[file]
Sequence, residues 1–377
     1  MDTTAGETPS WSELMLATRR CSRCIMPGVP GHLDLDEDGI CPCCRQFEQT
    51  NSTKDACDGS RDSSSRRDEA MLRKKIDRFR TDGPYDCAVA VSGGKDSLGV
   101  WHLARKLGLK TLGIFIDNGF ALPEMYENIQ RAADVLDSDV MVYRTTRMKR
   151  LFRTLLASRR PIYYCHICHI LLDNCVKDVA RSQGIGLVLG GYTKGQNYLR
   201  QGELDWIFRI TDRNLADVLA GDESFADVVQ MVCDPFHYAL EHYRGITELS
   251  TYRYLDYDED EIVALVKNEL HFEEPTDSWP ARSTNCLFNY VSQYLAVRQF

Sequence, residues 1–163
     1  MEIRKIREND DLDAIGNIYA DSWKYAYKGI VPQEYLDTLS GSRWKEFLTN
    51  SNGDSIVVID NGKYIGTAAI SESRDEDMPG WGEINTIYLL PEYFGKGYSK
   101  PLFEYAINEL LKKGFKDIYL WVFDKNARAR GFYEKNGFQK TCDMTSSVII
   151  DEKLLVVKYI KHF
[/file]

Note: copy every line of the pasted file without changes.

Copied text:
Sequence, residues 1–377
     1  MDTTAGETPS WSELMLATRR CSRCIMPGVP GHLDLDEDGI CPCCRQFEQT
    51  NSTKDACDGS RDSSSRRDEA MLRKKIDRFR TDGPYDCAVA VSGGKDSLGV
   101  WHLARKLGLK TLGIFIDNGF ALPEMYENIQ RAADVLDSDV MVYRTTRMKR
   151  LFRTLLASRR PIYYCHICHI LLDNCVKDVA RSQGIGLVLG GYTKGQNYLR
   201  QGELDWIFRI TDRNLADVLA GDESFADVVQ MVCDPFHYAL EHYRGITELS
   251  TYRYLDYDED EIVALVKNEL HFEEPTDSWP ARSTNCLFNY VSQYLAVRQF

Sequence, residues 1–163
     1  MEIRKIREND DLDAIGNIYA DSWKYAYKGI VPQEYLDTLS GSRWKEFLTN
    51  SNGDSIVVID NGKYIGTAAI SESRDEDMPG WGEINTIYLL PEYFGKGYSK
   101  PLFEYAINEL LKKGFKDIYL WVFDKNARAR GFYEKNGFQK TCDMTSSVII
   151  DEKLLVVKYI KHF